Raven Papers: Remembering Natalie Luckyj
Angela Carr, Editor
6 X 9 inches, 176 pages
12 Black & white archival photos
The essays in this collection examine issues that arise in the study of Canadian women's art history. How did artists Paraskeva Clark and Marian Scott negotiate successful professional careers while fulfilling society's expectations
with respect to marriage and motherhood? What perspective did international art writer and critic Jehanne Biétry Salinger bring to the Canadian scene in the early 1930s? By what means did architect Barbara Humphreys succeed in a male-dominated field during her training and subsequent career which began in the 1940s? What does a nineteenth-century photographic album compiled by a woman tell us about contemporary social norms? In what ways have collecting practices influenced the recognition of Nova Scotia artist Maud Lewis? Each contribution is accompanied by an editorial response from a leading scholar or practitioner in Canadian art history and architecture, who situates the essay within the larger scholarly context.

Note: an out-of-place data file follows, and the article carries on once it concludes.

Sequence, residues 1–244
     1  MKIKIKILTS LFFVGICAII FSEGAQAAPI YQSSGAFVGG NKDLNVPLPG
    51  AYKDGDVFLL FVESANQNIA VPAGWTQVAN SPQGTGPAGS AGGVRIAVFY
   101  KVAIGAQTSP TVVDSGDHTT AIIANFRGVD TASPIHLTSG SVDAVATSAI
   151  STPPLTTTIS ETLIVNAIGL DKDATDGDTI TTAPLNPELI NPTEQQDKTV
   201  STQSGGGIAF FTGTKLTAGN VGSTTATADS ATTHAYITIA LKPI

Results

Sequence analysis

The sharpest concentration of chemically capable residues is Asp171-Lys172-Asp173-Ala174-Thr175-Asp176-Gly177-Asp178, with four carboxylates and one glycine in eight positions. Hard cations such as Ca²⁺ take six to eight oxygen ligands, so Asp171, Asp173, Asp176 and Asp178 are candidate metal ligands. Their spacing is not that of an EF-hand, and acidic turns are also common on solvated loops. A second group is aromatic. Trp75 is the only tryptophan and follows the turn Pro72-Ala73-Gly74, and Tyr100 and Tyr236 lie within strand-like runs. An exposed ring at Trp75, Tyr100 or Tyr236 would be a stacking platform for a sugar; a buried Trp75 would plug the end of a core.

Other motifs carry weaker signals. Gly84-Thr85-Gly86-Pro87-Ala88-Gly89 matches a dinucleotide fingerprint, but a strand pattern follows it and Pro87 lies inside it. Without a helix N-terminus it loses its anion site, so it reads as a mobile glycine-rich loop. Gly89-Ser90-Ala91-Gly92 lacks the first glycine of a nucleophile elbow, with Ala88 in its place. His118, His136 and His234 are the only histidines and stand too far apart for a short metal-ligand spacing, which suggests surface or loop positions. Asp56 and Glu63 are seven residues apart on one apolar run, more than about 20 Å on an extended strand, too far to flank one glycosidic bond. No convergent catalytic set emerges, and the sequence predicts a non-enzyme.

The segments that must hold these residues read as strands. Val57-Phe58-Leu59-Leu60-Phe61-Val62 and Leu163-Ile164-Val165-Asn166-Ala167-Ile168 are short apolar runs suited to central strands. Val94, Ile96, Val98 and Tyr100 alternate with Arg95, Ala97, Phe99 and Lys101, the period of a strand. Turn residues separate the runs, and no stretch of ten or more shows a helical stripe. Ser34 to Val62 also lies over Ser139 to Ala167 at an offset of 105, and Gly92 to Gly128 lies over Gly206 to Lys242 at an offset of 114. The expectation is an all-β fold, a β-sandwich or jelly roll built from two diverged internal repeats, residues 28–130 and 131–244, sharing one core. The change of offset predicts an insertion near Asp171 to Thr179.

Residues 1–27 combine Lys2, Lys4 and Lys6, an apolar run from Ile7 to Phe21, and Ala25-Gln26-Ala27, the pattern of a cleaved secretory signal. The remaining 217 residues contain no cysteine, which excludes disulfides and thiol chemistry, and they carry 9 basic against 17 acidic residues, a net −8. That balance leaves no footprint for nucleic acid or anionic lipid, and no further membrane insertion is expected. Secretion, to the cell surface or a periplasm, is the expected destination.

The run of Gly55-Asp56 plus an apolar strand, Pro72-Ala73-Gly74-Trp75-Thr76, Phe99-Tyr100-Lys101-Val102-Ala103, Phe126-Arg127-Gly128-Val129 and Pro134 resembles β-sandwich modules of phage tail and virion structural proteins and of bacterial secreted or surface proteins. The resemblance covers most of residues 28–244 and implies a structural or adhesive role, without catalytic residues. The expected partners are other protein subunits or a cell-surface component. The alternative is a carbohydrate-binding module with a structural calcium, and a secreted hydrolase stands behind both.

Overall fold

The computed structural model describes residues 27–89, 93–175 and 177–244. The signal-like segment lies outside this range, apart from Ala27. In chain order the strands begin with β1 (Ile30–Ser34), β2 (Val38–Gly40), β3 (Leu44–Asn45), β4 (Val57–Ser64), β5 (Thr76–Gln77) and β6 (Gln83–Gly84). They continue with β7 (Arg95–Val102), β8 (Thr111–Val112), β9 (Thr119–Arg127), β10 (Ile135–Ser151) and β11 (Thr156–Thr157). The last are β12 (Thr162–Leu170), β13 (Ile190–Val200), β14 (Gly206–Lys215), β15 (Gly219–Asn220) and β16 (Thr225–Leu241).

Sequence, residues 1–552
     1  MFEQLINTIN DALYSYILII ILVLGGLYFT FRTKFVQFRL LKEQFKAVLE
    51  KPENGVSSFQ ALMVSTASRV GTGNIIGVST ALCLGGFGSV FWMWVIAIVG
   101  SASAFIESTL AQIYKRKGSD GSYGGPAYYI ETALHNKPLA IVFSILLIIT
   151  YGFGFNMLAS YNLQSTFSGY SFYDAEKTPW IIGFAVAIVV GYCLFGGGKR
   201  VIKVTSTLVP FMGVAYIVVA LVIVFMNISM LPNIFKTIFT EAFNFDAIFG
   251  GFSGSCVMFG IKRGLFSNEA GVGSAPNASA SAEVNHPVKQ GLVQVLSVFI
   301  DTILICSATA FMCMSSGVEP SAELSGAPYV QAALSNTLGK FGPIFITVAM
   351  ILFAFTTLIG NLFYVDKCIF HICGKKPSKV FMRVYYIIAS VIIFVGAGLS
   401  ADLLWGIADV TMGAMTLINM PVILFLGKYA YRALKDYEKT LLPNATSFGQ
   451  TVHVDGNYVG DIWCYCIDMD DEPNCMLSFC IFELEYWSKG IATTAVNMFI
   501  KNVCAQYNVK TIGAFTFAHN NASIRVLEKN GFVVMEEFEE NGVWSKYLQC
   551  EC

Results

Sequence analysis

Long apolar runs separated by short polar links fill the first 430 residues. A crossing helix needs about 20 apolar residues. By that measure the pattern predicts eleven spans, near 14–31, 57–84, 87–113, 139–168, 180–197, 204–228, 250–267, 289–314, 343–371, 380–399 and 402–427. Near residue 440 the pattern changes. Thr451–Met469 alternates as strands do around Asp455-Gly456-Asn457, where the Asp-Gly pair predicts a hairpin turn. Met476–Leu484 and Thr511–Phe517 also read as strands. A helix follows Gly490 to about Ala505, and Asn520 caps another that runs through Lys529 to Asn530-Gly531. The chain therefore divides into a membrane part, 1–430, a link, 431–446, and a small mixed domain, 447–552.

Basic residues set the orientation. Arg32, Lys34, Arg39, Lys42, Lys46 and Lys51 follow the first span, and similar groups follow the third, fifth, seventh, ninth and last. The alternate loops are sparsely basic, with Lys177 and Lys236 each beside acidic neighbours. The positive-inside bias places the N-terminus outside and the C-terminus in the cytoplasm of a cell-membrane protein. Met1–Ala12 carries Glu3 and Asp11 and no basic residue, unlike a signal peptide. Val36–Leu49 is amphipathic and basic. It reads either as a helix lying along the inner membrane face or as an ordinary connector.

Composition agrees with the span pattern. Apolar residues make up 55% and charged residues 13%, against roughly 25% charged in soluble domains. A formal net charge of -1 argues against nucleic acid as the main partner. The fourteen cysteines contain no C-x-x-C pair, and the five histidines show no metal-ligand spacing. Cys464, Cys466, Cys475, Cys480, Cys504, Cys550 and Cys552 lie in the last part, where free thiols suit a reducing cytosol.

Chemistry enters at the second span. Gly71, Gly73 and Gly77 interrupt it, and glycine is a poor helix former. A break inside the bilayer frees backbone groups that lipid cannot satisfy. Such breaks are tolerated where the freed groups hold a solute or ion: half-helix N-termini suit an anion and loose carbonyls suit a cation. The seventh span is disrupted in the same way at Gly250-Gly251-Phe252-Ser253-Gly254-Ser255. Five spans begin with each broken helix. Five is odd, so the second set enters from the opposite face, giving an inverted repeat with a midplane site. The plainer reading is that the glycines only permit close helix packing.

This volume recognizes the work of feminist scholar Natalie Luckyj (1945-2002), whose contributions to Canadian women's art history include "Come Out From Behind the Pre-Cambrian Shield: The Politics of Memory and Identity in the Art of Paraskeva Clark," in Alejandro Anreus, et al., eds., The Social and the Real: Political Art of the 1930s in the Western Hemisphere (Pennsylvania State University Press, 2006), in which the essay on Paraskeva Clark published here is cited; Put on Her Mettle: The Life and Art of Jacobine Jones (Penumbra Press, 1999); Helen McNicoll: A Canadian Impressionist (Art Gallery of Ontario, 1999); Expressions of Will: The Art of Prudence Heward (Agnes Etherington Art Centre, 1986); Visions and Victories: 10 Canadian Women Artists 1914-1945 (London Regional Art Gallery, 1982); Metamorphosis, Memories, Dreams and Reflections: The Work of Florence Vale (Agnes Etherington Art Centre, 1980); and From Women's Eyes: Women Painters in Canada (Agnes Etherington Art Centre, 1975), with Dorothy Farr. Professor Luckyj was instrumental in founding the Canadian Art History M.A. program, now Art History: Art and Its Institutions, at Carleton University in Ottawa in 1992. The essays are contributed by graduates of that program, many of whom have gone on to their own careers in art history.